Glycerin's Melting Point Lab Report

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1) Sodium Chloride’s melting point is 800.7° which matches the observation acquired for this compound. Sucrose’s melting point is 185.5° which also resembles the results from the experiment. Glycerin’s melting point is 18.1° which is very logical since Glycerin is a liquid at room temperature. The only discrepancy is sodium hydrogen carbonate’s melting point, which is 50°, this does not match the recorded results, because sodium hydrogen carbonate was still in solid form when sucrose was changing state (suggesting that it possesses a higher melting point than 186°). The reason behind this discrepancy is because sodium hydrogen carbonate does not melt or change into a liquid, it decomposes, separating into carbon dioxide (gaseous state), dihydrogen oxide (water vapour, gaseous state), and sodium carbonate (solid state). Furthermore, the reason why…show more content…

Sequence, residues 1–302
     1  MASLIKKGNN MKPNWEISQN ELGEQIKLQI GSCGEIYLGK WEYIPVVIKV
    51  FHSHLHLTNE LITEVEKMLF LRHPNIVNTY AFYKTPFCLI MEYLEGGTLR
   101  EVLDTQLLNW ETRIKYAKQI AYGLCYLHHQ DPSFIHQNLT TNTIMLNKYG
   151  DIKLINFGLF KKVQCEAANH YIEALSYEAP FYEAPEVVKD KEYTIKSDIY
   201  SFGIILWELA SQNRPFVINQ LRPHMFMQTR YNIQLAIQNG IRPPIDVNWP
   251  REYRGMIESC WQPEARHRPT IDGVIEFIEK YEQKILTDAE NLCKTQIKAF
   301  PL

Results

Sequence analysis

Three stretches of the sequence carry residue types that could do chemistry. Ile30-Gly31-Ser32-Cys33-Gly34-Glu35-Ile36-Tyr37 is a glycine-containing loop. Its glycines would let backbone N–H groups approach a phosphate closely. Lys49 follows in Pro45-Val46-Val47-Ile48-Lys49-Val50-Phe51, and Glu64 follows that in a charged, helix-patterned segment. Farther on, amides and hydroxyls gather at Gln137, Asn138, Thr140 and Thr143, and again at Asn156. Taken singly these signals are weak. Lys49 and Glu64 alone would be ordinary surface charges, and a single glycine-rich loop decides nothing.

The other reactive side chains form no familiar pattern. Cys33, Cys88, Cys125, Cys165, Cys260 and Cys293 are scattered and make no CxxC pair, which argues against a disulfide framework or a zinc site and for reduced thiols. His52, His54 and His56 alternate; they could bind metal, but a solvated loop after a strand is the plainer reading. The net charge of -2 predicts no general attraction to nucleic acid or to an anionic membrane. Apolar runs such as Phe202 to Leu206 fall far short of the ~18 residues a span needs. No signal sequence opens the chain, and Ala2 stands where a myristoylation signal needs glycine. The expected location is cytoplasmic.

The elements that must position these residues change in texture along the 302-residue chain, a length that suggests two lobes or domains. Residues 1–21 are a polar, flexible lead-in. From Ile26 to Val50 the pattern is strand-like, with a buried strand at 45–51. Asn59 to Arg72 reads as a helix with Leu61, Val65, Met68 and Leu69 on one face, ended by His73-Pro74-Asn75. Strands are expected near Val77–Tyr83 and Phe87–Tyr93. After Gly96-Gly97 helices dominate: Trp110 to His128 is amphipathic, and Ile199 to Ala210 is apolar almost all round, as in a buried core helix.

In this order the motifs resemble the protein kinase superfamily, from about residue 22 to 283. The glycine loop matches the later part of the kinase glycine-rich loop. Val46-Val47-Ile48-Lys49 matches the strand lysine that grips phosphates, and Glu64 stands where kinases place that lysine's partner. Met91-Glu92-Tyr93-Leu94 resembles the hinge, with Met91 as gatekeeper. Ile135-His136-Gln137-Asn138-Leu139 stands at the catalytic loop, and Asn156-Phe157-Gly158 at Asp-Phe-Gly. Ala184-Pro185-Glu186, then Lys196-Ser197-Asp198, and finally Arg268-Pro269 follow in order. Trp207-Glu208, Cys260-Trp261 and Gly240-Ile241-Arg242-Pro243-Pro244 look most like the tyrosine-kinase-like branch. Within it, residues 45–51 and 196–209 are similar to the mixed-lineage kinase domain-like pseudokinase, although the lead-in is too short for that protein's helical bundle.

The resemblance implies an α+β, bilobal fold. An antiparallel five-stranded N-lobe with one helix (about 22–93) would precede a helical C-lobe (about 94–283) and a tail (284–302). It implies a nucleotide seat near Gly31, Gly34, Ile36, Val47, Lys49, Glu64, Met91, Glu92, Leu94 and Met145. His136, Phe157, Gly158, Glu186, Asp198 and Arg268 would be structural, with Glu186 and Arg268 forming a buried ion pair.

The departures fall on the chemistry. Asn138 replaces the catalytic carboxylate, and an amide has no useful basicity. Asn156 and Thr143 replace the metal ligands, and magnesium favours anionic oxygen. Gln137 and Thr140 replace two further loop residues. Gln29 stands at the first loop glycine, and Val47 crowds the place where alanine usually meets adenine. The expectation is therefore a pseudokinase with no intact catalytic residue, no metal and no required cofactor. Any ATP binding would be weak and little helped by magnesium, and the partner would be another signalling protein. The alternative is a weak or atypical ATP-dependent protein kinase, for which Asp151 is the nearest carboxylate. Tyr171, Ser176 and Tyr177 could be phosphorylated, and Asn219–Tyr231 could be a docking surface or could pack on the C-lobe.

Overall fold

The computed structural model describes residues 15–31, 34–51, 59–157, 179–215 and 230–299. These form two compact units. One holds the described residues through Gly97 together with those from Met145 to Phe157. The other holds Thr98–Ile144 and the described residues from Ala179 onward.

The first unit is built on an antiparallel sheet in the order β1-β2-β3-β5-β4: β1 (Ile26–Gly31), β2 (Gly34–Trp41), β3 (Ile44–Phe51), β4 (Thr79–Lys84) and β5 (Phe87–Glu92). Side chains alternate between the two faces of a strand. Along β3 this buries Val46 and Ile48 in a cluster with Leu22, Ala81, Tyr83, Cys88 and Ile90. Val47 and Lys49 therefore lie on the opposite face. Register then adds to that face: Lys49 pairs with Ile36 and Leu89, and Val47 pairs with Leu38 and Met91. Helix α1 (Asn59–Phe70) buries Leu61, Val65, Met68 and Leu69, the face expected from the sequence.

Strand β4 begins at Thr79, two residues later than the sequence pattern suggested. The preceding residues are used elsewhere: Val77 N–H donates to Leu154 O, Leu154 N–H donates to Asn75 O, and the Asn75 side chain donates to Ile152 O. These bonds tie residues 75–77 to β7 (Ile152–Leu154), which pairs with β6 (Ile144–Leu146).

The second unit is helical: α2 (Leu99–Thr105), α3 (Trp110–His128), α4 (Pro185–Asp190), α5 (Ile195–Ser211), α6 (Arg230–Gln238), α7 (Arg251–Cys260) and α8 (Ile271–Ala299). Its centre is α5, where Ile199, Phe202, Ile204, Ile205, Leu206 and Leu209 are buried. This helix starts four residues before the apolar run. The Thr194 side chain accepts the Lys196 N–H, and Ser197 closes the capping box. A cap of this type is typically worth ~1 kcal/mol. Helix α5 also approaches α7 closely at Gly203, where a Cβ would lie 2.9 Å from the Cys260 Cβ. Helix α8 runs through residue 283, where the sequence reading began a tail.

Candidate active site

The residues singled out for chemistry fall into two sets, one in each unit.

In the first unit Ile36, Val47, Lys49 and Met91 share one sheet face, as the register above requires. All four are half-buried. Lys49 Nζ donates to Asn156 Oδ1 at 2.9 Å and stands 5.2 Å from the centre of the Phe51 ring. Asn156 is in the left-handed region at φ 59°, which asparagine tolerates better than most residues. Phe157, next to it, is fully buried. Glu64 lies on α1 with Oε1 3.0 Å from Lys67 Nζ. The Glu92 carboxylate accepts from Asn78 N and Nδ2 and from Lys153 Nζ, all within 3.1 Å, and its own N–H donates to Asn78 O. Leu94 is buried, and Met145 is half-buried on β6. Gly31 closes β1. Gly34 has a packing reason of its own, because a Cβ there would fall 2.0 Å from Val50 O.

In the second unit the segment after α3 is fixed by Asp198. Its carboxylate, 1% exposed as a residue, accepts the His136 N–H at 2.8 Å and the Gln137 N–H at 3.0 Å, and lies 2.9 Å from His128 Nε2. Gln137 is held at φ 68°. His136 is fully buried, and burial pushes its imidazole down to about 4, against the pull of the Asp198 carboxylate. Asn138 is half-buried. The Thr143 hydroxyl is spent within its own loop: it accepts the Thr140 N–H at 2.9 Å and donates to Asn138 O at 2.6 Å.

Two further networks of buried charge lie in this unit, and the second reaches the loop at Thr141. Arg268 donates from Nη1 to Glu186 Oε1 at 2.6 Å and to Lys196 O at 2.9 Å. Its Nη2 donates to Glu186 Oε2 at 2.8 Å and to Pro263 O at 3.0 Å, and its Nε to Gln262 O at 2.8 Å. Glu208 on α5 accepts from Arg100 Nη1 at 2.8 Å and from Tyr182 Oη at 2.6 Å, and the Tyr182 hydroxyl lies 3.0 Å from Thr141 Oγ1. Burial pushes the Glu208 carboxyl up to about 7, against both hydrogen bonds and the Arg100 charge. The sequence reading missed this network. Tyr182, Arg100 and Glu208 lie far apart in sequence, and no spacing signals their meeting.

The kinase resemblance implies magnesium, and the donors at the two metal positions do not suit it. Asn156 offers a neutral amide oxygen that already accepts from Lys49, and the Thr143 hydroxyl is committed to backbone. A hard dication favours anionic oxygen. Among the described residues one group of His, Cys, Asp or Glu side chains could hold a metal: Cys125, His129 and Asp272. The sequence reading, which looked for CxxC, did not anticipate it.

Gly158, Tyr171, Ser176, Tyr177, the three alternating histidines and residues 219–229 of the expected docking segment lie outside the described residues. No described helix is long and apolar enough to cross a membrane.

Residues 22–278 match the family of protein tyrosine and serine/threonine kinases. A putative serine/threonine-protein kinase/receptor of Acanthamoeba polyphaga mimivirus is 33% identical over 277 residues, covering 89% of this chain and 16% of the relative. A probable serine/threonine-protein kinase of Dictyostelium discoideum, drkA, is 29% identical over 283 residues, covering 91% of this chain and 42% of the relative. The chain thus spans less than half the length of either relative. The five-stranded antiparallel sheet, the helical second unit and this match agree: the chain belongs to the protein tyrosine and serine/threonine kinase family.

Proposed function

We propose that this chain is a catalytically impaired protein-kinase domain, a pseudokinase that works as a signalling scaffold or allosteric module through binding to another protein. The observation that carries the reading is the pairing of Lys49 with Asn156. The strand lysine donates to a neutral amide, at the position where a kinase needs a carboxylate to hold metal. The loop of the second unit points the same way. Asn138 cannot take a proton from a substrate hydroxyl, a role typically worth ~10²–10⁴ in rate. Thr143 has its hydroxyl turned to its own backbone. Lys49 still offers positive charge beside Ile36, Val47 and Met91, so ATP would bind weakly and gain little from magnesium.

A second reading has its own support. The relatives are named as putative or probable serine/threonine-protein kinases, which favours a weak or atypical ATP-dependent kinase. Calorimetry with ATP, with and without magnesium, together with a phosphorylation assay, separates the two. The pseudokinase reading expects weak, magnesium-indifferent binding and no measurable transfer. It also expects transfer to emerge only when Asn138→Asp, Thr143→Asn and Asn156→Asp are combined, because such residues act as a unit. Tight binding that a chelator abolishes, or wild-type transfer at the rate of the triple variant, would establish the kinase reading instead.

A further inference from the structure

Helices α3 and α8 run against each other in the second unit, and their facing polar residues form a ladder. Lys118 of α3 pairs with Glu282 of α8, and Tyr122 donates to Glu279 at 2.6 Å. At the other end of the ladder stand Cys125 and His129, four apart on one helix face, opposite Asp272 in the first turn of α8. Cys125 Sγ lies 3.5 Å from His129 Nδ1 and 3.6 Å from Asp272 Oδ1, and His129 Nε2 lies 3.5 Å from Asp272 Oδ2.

Firstly, unknown B has a low melting point, a prominent characteristic among covalent compounds. This is due to the attraction between the atoms not being as reinforced as an ionic compound, thus it takes less energy to separate. In addition, unknown B has a very low solubility and conductivity, this is due to the atoms sharing electrons, therefore they cannot have the ability to separate and form an ion. However, it should be noted that covalent compounds should most definitely not be conductive or soluble, but the results have shown otherwise, thus it should be concluded that there may have been contamination between the scoopula’s used. Conclusion All in all, the experiment has provided much insight into the topic of ionic and covalent bonds regarding compounds. In conclusion, Unknown A is an ionic compound due to a high melting point, solubility and conductivity while Unknown C is a covalent compound due to a low melting point, low conductivity and

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